One Week in Argentina: The Ultimate Itinerary

Mount Fitz Roy

Thomas Müller www.rotweiss.tv / Getty Images

 

Argentina contains some of the world’s most magical landscapes filled with sparkling blue lakes, snow-capped peaks, popsicle-blue walls of ice, and crisp mountain air. In its capital, people literally dance in the streets, and at its most southern tip, they walk with penguins.

It’s the eighth largest country in the world. Don’t expect to see all of it in seven days, but rather go to key places in the country. As most of the activities in this itinerary are outdoors, going in the fall will be ideal, particularly in March when the weather is warm and crowds scarce.

This itinerary is ambitious. Feel free to cut one destination out to have more time to experience the others. The formula though is this: Buenos Aires, Iguazu, and at least one stop in Patagonia. Bring lots of snacks, a solid raincoat, and pack as light as possible, because you’ll be moving fast. Get ready for clear skies, jaw-dropping beauty, and lots of sack lunches with a view.

01 of 07

Day 1: Buenos Aires

Street dancers dance the tango in Caminito of La Boca, in Buenos Aires

michel Setboun / Contributor / Corbis Historical

 

Arrive early in the morning to Ezeiza International Airport and pull some cash out at the airport’s ATMs. Hop in an Uber or a black and yellow taxi outside the arrival hall and head to your hotel.

Freshen up, then go to La Boca to walk down El Caminito, a colorful street full of tango performances. Strike a dramatic pose with the dancers and snap a pic with them. Afterwards, walk to La Bombonera (the Boca Juniors stadium) to see where Maradona played.

Walk to Parque Lezama, the beginning of the San Telmo neighborhood and where the Spanish conquistadors first set foot in Argentina. Wander San Telmo’s streets observing daily life and the beautiful architectural, until you come to San Telmo Mercado. There are plenty of places to try empanadas in the market, (we suggest El Hornero), and if you need a caffeine boost, get an espresso at one of the city's best roasters, Coffee Town. Pick up some vintage finds and the mom-and-pop stalls, then continue down Defensa Street until you reach Plaza de Mayo, a central, significant area where most of the city’s protests take place. After, grab a cab to go to the world famous, family-run ice shop, Cadore. En route, you’ll pass the Obelisco, another emblem of the city. Next, walk or take the bus to Recoleta to see one of the most elegant cemeteries in the world.

At dusk, head to Ateneo, a theater-turned-bookstore. Snap some pictures of its famous stage and ceiling, then take the subway to Palermo for a steak dinner at Don Julio’s. Order a bottle of wine from their curated list and the bife de chorizo to check off two of Argentina’s gastronomic musts. Finally, see the “hidden” bar, Floreria Atlantico. Enter through the flower shop and descend the stairs to order a perfectly mixed cocktail.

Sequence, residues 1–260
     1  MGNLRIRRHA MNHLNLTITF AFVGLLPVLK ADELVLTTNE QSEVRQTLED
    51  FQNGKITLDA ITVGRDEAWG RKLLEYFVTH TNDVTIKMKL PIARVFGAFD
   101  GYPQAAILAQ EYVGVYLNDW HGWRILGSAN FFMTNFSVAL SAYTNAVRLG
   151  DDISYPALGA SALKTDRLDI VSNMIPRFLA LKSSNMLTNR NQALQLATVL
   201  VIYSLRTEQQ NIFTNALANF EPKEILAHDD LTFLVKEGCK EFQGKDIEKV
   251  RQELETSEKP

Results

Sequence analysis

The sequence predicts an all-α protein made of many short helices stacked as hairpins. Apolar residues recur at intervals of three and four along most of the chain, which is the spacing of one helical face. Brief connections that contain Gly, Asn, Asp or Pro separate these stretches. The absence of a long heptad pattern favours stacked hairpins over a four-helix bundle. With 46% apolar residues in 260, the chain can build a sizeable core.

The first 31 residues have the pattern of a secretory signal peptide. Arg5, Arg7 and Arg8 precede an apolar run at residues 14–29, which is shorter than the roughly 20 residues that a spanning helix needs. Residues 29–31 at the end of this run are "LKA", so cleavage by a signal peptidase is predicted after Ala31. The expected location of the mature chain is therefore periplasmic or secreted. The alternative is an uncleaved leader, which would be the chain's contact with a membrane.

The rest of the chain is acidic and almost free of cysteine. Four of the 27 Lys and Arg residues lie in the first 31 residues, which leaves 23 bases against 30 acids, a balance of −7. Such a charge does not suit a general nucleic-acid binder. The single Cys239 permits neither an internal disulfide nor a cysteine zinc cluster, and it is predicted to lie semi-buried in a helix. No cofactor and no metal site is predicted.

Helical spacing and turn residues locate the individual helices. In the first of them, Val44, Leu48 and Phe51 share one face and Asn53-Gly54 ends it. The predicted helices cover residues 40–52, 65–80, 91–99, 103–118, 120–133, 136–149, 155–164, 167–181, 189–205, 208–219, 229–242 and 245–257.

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02 of 07

Day 2: Iguazu Falls

IGUACU, BRAZIL - APRIL 8: A sunset panoramic view of the Argentinian side of the waterfalls on April 8, 2019 in the Iguaçu National Park, Brazil.

David Silverman / Contributor / Getty Images News

 

Catch a morning flight to Cataratas del Iguazú International Airport. Your mission today is to see Iguazú Falls, the largest waterfall system in the world and a UNESCO World Heritage Site. Get a cab at the airport and head to your hotel in Puerto Iguazú. To optimize your time consider booking a day tour, but be aware that most don’t include the park admission fee.

At your hotel, change into light, waterproof clothing. Pack a swimsuit or extra change of clothes in your dry bag, as you will definitely get drenched. Stop at Aqva to eat at a lunch of river fish, tropical salad, or the bondiola (shredded pork), and the Yerba Mate crème brulee for dessert.

After lunch, head to Iguazú National Park. Walk the paths of the Upper Circuit to see the falls crashing from on high or traverse the Lower Circuit to experience the bottom of the falls, forests, and plenty of rainbows. Hike to the lookout to see Devil’s Throat, the tallest of Iguazú’s 275 waterfalls, crashing in a mammoth cascade into the Iguzaú River from a height of 262 feet. If you want to get even closer to the falls, book a boat tour to take you in front of the San Martín waterfall, the second largest waterfall in the park.

Finish the day by exploring more Argentine cuisine at the Argentine Experience, complete with an asado, empanada-making competition, free flow wine, and, of course, mate.

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03 of 07

Day 3: Bariloche

Lake View from Cerro Campanario, Bariloche

Pintai Suchachaisri / Getty Images

 

It’s time for blue lakes, rock climbing, and the Argentina version of "Charlie and the Chocolate Factory" in a magical land called Bariloche. Fly there early in the morning, then get your own cab or offer to split one with people from your flight. (This is fairly normal here, as is hitchhiking.) If you prefer, rent a car instead.

Drop your bags at your hotel, then order a bus, taxi, or remis (check with your hotel for recommendations) to go to Cerro Campanario. After an easy 30-minute hike (or seven-minute chairlift ride), you’ll arrive at one of Patagonia’s most famed views and a perfect introduction to Bariloche. From the 360-degree viewing platform, you can see lots of lakes, like Nahuel Huapi and Moreno, and multiple mountains, such as Campanario and Otto. You can also spot the swanky Llao Llao Hotel and the houses of Colonia Suiza.

For lunch, head to the lakeside Patagonia Brewery for craft beer and comfort food (offering meat and vegetarian options). On your way back to town, pull off on the side of the road and hop into any lake you pass for some “wild swimming.”